Normalized responsivity spectra of human cone cells, S, M, and L types (SMJ data based on Stiles and Burch[1] RGB color-matching, linear scale, weighted for equal energy)[2]

LMS (long, medium, short), is a color space which represents the response of the three types of cones of the human eye, named for their responsivity (sensitivity) peaks at long, medium, and short wavelengths.

The numerical range is generally not specified, except that the lower end is generally bounded by zero. It is common to use the LMS color space when performing chromatic adaptation (estimating the appearance of a sample under a different illuminant). It's also useful in the study of color blindness, when one or more cone types are defective.


The cone response functions are the color matching functions for the LMS color space. The chromaticity coordinates (L, M, S) for a spectral distribution are defined as:

The cone response functions are normalized to have their maxima equal to unity.


Typically, colors to be adapted chromatically will be specified in a color space other than LMS (e.g. sRGB). The chromatic adaptation matrix in the diagonal von Kries transform method, however, operates on tristimulus values in the LMS color space. Since colors in most colorspaces can be transformed to the XYZ color space, only one additional transformation matrix is required for any color space to be adapted chromatically: to transform colors from the XYZ color space to the LMS color space.[3]

In addition, many color adaption methods, or color appearance models (CAMs), run a von Kries-style diagonal matrix transform in a slightly modified, LMS-like, space instead. They may refer to it simply as LMS, as RGB, or as ργβ. The following text uses the "RGB" naming, but do note that the resulting space has nothing to do with the additive color model called RGB.[3]

The chromatic adaptation transform (CAT) matrices for some CAMs in terms of CIEXYZ coordinates are presented here. The matrices, in conjunction with the XYZ data defined for the standard observer, implicitly define a "cone" response for each cell type.


Hunt, RLAB

This article is missing information about how the HPE matrix was derived – looks like the most "physiological" of the XYZ bunch, but where's the data?. Please expand the article to include this information. Further details may exist on the talk page. (October 2021)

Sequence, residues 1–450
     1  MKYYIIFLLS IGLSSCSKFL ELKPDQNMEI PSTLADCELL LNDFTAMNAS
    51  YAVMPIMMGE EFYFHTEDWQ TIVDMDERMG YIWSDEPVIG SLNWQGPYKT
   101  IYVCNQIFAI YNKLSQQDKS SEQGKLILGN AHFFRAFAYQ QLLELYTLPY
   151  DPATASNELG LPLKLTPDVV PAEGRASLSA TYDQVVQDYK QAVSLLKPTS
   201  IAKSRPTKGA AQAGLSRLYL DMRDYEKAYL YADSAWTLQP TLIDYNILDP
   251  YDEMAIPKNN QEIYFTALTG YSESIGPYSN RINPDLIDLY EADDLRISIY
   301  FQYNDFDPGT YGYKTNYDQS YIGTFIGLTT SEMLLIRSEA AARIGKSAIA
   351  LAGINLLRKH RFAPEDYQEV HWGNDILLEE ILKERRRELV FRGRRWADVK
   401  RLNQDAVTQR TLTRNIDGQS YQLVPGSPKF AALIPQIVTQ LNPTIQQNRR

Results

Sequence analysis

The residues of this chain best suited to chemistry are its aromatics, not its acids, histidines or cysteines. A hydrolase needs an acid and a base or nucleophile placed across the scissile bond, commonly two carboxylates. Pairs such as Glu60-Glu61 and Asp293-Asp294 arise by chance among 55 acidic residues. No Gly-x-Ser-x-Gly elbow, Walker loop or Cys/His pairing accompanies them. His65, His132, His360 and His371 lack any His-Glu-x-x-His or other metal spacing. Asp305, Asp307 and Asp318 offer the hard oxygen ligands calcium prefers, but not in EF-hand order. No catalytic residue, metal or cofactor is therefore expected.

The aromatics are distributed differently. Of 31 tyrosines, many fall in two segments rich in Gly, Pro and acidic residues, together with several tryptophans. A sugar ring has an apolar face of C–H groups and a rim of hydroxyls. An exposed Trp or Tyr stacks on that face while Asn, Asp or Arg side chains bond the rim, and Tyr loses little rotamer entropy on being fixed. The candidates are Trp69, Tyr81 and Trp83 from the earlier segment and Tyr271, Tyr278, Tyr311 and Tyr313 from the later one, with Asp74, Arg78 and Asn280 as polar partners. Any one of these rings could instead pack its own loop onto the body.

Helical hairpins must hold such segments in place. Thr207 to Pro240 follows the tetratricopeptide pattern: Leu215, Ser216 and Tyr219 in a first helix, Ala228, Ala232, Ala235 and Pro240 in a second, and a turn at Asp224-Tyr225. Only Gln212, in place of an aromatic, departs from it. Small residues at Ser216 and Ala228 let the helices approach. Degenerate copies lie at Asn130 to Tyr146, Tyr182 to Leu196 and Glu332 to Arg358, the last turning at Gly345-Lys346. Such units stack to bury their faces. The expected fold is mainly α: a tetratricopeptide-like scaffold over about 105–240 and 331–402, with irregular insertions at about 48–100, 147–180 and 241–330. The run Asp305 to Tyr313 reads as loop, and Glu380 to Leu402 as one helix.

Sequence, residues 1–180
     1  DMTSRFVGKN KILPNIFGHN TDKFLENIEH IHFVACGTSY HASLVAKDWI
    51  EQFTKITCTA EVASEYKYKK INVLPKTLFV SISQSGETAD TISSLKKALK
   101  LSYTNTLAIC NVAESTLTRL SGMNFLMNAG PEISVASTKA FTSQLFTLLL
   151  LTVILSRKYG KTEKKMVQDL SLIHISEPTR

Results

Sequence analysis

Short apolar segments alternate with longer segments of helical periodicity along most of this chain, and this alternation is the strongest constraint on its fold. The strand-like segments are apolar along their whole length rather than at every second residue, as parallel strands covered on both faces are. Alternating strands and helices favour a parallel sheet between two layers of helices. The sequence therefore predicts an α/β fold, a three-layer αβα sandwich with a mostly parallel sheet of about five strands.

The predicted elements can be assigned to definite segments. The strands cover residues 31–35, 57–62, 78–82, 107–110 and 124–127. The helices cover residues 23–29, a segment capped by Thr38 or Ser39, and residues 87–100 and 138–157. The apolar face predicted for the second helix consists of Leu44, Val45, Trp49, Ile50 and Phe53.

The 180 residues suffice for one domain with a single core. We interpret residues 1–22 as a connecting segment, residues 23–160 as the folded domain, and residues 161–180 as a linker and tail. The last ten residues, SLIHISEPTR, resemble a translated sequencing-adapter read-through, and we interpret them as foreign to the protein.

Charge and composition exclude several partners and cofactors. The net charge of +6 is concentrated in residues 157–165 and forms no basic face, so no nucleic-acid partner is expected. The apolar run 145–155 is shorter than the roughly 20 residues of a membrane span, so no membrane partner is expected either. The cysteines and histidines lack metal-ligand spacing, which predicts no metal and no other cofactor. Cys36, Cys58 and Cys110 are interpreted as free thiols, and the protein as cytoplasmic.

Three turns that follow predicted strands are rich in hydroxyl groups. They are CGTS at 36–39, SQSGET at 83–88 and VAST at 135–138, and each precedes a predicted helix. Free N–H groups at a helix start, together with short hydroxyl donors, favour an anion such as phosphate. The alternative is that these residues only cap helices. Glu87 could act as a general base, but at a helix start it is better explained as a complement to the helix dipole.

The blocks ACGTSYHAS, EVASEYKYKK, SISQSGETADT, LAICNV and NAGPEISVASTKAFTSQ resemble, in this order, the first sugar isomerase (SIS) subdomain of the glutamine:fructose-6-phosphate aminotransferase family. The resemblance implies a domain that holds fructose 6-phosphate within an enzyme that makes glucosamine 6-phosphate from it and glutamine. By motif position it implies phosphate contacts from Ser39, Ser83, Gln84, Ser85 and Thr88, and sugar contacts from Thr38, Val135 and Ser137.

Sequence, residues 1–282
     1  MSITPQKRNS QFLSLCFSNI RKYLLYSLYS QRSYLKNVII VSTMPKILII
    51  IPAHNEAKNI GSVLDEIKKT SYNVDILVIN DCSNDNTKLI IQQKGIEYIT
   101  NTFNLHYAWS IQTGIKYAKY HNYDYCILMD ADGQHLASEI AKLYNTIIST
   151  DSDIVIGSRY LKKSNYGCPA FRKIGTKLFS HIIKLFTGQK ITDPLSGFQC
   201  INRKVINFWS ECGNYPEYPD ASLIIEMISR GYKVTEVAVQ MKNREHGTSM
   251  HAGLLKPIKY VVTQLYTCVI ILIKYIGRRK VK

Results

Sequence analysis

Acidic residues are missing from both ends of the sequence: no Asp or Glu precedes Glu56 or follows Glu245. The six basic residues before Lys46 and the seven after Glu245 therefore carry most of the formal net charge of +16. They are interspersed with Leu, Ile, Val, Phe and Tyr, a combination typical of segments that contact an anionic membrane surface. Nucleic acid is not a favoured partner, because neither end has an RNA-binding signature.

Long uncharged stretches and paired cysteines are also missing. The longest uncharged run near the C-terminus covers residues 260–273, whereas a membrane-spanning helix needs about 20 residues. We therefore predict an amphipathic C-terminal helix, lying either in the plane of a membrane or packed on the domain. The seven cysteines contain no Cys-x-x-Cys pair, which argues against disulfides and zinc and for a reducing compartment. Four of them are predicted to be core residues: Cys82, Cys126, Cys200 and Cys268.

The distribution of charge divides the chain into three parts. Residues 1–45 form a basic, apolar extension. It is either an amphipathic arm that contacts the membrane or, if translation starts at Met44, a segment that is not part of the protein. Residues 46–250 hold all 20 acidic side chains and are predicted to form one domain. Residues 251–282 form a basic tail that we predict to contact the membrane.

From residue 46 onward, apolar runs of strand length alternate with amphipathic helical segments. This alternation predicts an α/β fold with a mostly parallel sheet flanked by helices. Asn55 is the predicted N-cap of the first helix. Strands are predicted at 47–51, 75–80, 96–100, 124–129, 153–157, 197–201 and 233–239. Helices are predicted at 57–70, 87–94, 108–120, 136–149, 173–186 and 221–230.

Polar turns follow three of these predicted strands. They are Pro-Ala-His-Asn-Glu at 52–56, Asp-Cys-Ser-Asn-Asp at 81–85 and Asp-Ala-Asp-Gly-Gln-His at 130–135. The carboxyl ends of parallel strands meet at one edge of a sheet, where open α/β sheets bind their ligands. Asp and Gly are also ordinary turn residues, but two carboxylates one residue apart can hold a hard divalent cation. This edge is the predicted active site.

The Hunt and RLAB color appearance models use the Hunt-Pointer-Estevez transformation matrix (MHPE) for conversion from CIE XYZ to LMS.[4][5][6] This is the transformation matrix which was originally used in conjunction with the von Kries transform method, and is therefore also called von Kries transformation matrix (MvonKries).

Bradford's spectrally sharpened matrix (LLAB, CIECAM97s)

The original CIECAM97s color appearance model uses the Bradford transformation matrix (MBFD) (as does the LLAB color appearance model).[3] This is a “spectrally sharpened” transformation matrix (i.e. the L and M cone response curves are narrower and more distinct from each other). The Bradford transformation matrix was supposed to work in conjunction with a modified von Kries transform method which introduced a small non-linearity in the S (blue) channel. However, outside of CIECAM97s and LLAB this is often neglected and the Bradford transformation matrix is used in conjunction with the linear von Kries transform method, explicitly so in ICC profiles.[8]

A "spectrally sharpened" matrix is believed to improve chromatic adaptation especially for blue colors, but does not work as a real cone-describing LMS space for later human vision processing. Although the outputs are called "LMS" in the original LLAB incarnation, CIECAM97s uses a different "RGB" name to highlight that this space does not really reflect cone cells; hence the different names here.